Jack Barton is a PhD researcher in psychology at Manchester. Here, he gives his tips for getting a good night’s sleep during the mayhem of Welcome Week.
So, you’ve got the grades and you’re off on your first academic adventure in a strange place. I remember all three times I started off as a fresher (I know, I clearly loved it that much) and I’m aware of the excitement and fear that came with a new start.
The first things you might be thinking about are how to make new friends, how to feel comfortable in your new home, and (at some point) how to prepare for the work ahead. However, many basic necessities tend to go out the window during the whirlwind of Welcome Week. With so much going on to grab your attention this leaves little time to think, let alone do anything else.
Yet, there’s one particularly important thing which many freshers ignore during this time: sleep.
So, why might Welcome Week be an infamous time of sleeplessness? Well, a mixture of being in a new place, alcohol, freshers’ flu and being bombarded with a mountain of things to try to fit into the day tends to get in the way of drifting off at night.
What can you do about it? It just so happens that I have some top tips prepared to help you get some ‘good’ sleep during your welcome week.
Say it with me: beds are for sleep, not food (or work, or concocting evil plans)
Keep the bedroom for sleeping as much as possible. This might seem hard when your room is likely the only space you have to yourself, but try to segment the room into work space and sleep space.
Try not to work in bed as this will make it harder to switch off when you do eventually turn off that light, and this can lead to longer term sleeping difficulties.
Stick to a bedtime routine to aid sleep
Some people want to sleep at 9pm, others at 2am – that is absolutely fine. However, regardless of what time your body tells you to sleep, try to listen to it and keep consistent with it. Your body’s clock is relatively flexible, but you will struggle if you subject it to an all-nighter one night and then expect to get to sleep at a normal time the following day.
This also goes for when the deadlines start piling in. An all-nighter may be the only option the night before an essay is due, but it’s a false economy to think that not sleeping will produce work comparable to when you’re well-rested – trust me!
Avoid caffeine before bed
This should be fairly obvious, but caffeine stays in your system for much longer than you might think. If you have no trouble sleeping, then there is some leeway here, but if you do find you’re struggling to drift off at night, avoid caffeine after about 2pm to maximise your chances of a good night’s sleep.
Naps are a student’s best friend
I was never any good at napping until university, and I suspect many of you will experience much the same transition from “won’t nap” to “please, please let me nap”. Although brief slumbers during the day are no replacement for a good night’s sleep, naps as short as 10-20 minutes can help you mitigate the worst effects of a late night and give you a fighting chance of facing course inductions.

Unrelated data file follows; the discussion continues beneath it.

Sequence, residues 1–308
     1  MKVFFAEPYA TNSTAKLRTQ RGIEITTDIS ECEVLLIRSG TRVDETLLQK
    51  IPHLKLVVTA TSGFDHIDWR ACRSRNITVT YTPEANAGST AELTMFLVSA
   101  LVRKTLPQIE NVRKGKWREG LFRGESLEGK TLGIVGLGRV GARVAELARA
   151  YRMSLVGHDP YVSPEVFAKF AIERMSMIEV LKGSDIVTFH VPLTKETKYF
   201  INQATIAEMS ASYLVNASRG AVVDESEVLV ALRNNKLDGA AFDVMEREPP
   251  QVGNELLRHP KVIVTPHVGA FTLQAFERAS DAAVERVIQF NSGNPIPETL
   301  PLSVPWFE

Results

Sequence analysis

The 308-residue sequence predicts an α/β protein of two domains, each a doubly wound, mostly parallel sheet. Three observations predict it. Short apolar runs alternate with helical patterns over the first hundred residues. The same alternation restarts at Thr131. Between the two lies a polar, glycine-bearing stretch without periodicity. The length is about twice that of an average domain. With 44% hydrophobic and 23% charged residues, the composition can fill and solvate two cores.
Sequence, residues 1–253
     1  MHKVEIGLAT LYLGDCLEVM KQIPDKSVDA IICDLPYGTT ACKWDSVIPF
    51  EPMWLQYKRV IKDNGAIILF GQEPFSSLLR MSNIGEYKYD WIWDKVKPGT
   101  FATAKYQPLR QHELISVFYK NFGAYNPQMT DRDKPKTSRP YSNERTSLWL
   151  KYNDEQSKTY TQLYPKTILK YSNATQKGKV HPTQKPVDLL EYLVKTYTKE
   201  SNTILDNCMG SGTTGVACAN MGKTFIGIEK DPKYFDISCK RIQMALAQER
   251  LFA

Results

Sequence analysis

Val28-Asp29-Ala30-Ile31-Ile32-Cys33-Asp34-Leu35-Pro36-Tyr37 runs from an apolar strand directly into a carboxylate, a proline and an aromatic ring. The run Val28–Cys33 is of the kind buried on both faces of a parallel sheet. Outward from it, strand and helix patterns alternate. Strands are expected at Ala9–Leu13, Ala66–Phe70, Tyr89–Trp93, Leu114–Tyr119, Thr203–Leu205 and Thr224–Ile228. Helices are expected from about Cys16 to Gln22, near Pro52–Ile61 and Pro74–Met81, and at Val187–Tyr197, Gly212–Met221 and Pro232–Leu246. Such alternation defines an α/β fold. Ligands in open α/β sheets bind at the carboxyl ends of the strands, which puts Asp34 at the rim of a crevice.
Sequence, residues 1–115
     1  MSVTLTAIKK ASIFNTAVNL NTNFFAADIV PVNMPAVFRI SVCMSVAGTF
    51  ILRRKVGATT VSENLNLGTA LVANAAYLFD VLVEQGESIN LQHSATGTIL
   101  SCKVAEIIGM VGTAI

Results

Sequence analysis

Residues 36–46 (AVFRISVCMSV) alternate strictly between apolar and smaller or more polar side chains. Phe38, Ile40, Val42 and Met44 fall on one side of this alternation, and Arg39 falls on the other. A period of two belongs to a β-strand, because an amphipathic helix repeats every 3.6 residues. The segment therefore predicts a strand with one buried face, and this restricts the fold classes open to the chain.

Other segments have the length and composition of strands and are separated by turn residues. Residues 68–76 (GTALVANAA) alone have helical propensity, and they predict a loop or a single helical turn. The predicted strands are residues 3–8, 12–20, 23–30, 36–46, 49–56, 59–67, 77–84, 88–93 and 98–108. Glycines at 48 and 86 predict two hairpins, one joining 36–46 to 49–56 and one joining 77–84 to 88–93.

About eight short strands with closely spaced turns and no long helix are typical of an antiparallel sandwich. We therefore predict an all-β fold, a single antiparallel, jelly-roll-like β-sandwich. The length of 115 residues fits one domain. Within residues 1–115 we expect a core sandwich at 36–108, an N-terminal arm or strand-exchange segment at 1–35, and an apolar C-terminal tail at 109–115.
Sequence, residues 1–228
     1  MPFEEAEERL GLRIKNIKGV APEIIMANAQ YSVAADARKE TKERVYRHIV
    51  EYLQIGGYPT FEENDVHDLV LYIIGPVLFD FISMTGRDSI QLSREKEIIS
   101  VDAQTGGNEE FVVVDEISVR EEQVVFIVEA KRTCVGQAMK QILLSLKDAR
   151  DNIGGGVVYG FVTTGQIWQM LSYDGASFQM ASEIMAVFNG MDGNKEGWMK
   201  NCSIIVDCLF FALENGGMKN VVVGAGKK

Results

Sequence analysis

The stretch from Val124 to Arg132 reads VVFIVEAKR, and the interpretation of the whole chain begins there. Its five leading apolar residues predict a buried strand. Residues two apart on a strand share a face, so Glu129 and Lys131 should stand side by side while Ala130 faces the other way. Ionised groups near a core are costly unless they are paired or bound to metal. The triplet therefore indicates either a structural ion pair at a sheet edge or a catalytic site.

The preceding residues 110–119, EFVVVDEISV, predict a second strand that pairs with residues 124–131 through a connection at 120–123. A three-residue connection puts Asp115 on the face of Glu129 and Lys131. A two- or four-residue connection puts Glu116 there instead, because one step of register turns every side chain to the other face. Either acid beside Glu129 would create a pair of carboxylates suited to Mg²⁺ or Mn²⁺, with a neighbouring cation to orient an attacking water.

Avoid screens before bed
Again, this is one you have probably heard plenty of times, but stop checking your phone just before bed! If you must, then make sure you have a blue-light filter to minimise the sleep-inhibiting effects of the blue wavelength rich light from your phone or e-reader.
There’s even some evidence to suggest that simply shining blue light at the back of your knees is enough to reset your body clock and keep you feeling awake for longer. Hopefully, that’s not your primary way of using a tablet or phone, though!
Look after your physical and mental health
Welcome Week is a time for new experiences, new friends and some great memories that will stick with you for a long time. I still remember my first week at university fondly. However, among all the late nights, parties, and questionable meal choices, try to give some love for your physical health by keeping active. This will benefit both your sleep and mental health.
Alongside your physical health, your mental health is important during the first week of university. Poor sleep can negatively impact your mental wellbeing and it is important to recognise if you need to take a night off at any point. A single night’s break from a full-on week can reduce your risk of being prematurely being struck down by freshers’ flu and help to reduce your mounting sleep debt.
Remember, you will have at least three years at university, and there will be plenty of opportunities to do everything you can do during Welcome Week – again, trust me.
Take home message
Now I don’t expect your sleep to be perfect during Welcome Week and this will likely be by choice. I can’t pretend my sleep was anything to cheer about during that period, but 9am lectures quickly shifted my body clock back to a regular schedule.
Sleep loss can have numerous negative consequences and we all differ considerably in how sensitive we are to a lack of sleep. Try to keep this in mind as you go through Welcome Week and move on to the rest of your first academic year. Keep these tips in the back of your head and hopefully you won’t be too exhausted by the end of it all, but see the extra links below if you do continue to suffer from sleeping problems.
Now, all I can say at this point is enjoy your time at Manchester. You are coming to one of the best places in the world (no bias, honest) which is here to cater for any and every personality. Get involved with as much, or as little, as you see fit, but just do me one small favour – don’t skimp on your sleep!
Additional help and resources
- Counselling Service
- Nightline (the number is on the back of your student card)
- Sleep tips to survive freshers’ week and beyond (Sleep Council)
- The science behind insomnia (Sleepio)
- Insomnia: overview, causes, self-help and treatment (NHS)